We know that not everyone celebrates Christmas in the same way. Different countries have their own traditions – and some of them are truly bizarre.
Christmas comes but once a year. We’ve gone away and handpicked the weirdest Christmas traditions from around the word. From deep fried caterpillars to rotting birds, here are the world’s most unusual festive rituals.
- South Africa非洲
This festive South African delicacy is not for the faint hearted-on Christmas Day, Locals tuck into the deep-fried caterpillars of the Emperor Moth.
Austrian children live in fear of Krampus-a Christmas devil who’s said to beat naughty children with branches.
Catalonians include the figure of the Caganer in their nativity scenes- a small figure of a defecating man.
Catalonians also have the Tió de Nadal, otherwise known as the “pooping log”. Decorated with a face and blanket, on Christmas Eve the log is placed halfway into a fire and beaten with sticks.
There’s no cleaning on Christmas Eve in Norway- all brooms are safely hidden away, in case they’re stolen by witches and evil spirits.挪威的聖誕夜是不打掃的，所有的掃把都被藏的好好的，以免被女巫或者惡靈偷走。
Advertising can be incredibly powerful. Thanks to a campaign in 1974, many Japanese families eat at KFC on Christmas Eve.
Venezuelans attend Mass in the run-up to Christmas. However, Caracas residents have developed a strange tradition- journeying to Mass on roller skates.
Greenland has some unusual Christmas recipes. Matak is raw whale skin, served with blubber. Kiviak is 500 dead auk birds, stuffed into a seal skin, and left to ferment for 7 months.
Germans hide a pickle in the Christmas tree on Christmas Eve- the first child to discover it in the morning receives a small gift.
Rather than using the traditional conifer, New Zealanders decorate Pōhutukawa trees at Christmas.
Consoda is a traditional Christmas morning feast in Portugal. This is a time for remembering the dead, and families lay places for the souls of their late loved ones.
German children leave a shoe outside the house on December 5th, which is then filled with sweets overnight. Naughty children awake to find a tree branch in the shoe instead.
Ukrainians forego tinsel and baubles, instead decorating their Christmas trees with an artificial spider and web.
In the Czech Republic, unmarried women stand by a door and throw a shoe over their shoulder- if the toe is pointing towards the door when it lands, they will get married within the next year.
On Christmas Eve, Estonian families traditionally head to the sauna together.
Mari Lwyd is performed in some Welsh villages on Christmas Eve. A villager is chosen to parade through the streets, bearing the skull of a mare on the end of a stick.
The Yule Cat is said to stalk the Icelandic hills. Those who don’t receive new clothes before Christmas Eve are said to be devoured by this mythical beast.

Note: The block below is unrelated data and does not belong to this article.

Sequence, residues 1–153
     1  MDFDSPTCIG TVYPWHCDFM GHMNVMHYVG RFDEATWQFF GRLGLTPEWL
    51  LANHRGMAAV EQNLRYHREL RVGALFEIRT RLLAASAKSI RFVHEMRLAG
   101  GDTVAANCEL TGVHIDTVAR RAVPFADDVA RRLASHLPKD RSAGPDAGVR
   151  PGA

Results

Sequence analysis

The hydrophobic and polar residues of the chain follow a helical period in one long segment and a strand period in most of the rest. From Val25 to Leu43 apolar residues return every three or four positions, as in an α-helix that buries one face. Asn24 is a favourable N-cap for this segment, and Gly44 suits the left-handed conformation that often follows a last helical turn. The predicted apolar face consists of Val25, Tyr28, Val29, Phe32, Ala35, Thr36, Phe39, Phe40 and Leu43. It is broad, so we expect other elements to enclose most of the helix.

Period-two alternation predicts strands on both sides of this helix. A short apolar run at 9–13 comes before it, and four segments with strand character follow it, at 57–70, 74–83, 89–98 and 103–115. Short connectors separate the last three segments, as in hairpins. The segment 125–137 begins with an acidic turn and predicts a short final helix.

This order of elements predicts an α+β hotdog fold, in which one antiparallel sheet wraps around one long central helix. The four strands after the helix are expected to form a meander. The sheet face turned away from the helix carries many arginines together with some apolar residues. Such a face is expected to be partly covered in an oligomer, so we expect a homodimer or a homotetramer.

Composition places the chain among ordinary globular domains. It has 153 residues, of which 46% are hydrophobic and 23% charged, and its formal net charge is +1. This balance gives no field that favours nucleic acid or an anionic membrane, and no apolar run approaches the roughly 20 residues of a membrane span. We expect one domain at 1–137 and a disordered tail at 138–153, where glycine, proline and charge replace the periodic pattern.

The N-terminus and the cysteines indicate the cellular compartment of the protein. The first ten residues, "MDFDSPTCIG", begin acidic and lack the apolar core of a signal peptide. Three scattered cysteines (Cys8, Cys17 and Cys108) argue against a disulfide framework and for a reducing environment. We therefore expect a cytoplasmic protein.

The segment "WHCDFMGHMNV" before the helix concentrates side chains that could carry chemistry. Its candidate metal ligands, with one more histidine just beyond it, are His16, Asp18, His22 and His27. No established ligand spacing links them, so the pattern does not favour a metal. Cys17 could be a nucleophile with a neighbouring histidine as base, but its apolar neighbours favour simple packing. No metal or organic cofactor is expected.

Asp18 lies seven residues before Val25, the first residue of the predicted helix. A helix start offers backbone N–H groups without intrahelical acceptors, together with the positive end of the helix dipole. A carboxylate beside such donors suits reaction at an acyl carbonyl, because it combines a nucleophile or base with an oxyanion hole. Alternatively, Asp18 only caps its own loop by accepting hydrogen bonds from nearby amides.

Since 1966, authorities in Gävle have installed a straw Swedish Yule Goat. However, almost every other year, vandals have succeeded in burning it down.
19.Another Swedish tradition involves festive rice pudding. A peeled almond is hidden in the dessert, and the person who finds it will supposedly be married within a year.
An age-old tradition dictates that each member of the family must stir the Christmas pudding mix in a clockwise direction before it’s cooked, making a wish as they do so.
Rather than Snta Claus, Italian children await the arrival of Befana, a friendly witch who delivers sweets and toys on the fifth of January.
Ethiopians celebrate Christmas on January 7th. People wear white clothes, and the men play ganna- a fast-paced game with sticks and wooden balls.
In Latvia, a group of “mummers”, dressed in a variety of costumes, travel from house to house. Each household must give them a treat in return for a blessing.
Guatemalans sweep out their houses before Christmas. Each neighborhood will then create a large pile of dirt, before placing an effigy of the devil on top, and burning it
Every December, Cuban city Remedios plays host to the Parrandans festival. The city divides into two halves, each building a themed sculpture from light bulbs, in preparation for Christmas Eve.
In Bavaria, a noisy Christmas tradition has taken hold. Wearing the national costume of lederhosen, Bavarian Highlanders fire mortars into the air.
The Kallikantzaroi, a race of evil goblins, lurk underground according to Greek legend. During the 12 days of Christmas they supposedly surface, wreaking havoc.
In Slovakia, the most senior man of the house takes a spoonful of loksa pudding and throws it at the ceiling- the more that sticks, the better.
White Christmas cards are sent to friends and family. Red cards, however, are to be avoided- this is traditionally the color of funeral announcements.
Canada Post recognizes the address Santa Claus, North Pole, Canada, HOHOHO. Any letters received bearing this address are both opened and replied to.
加拿大郵政承認聖誕老公公的住址，北極-加拿大-HO HO HO。任何接獲此住址寫來的信都會被開啟並回覆。
Finnish people traditionally mark Christmas with a touching tribute to the dead. Families light candles at the graves of their departed loved ones, making Finnish graveyards a beautiful sight.
Icelandic children leave a shoe on their bedroom windowsills during the 12 days of Christmas. Each night, it’s filled with sweets or gifts, ready to be enjoyed in the morning.
Santa Claus traditionally leaves presents in a child’s stocking on Christmas Eve. However, naughty children may wake up on Christmas morning to find a lump of coal in their stockings.
South African children are told the story of Danny, a young boy who angered his grandmother by eating the cookies that had been left for Santa. In her range she killed him, and he is said to haunt homes at Christmas
Americans have created a boozy Christmas tradition called The Running of the Santas. Each event sees scores of people- dressed as Santa- taking part in a large bar crawl.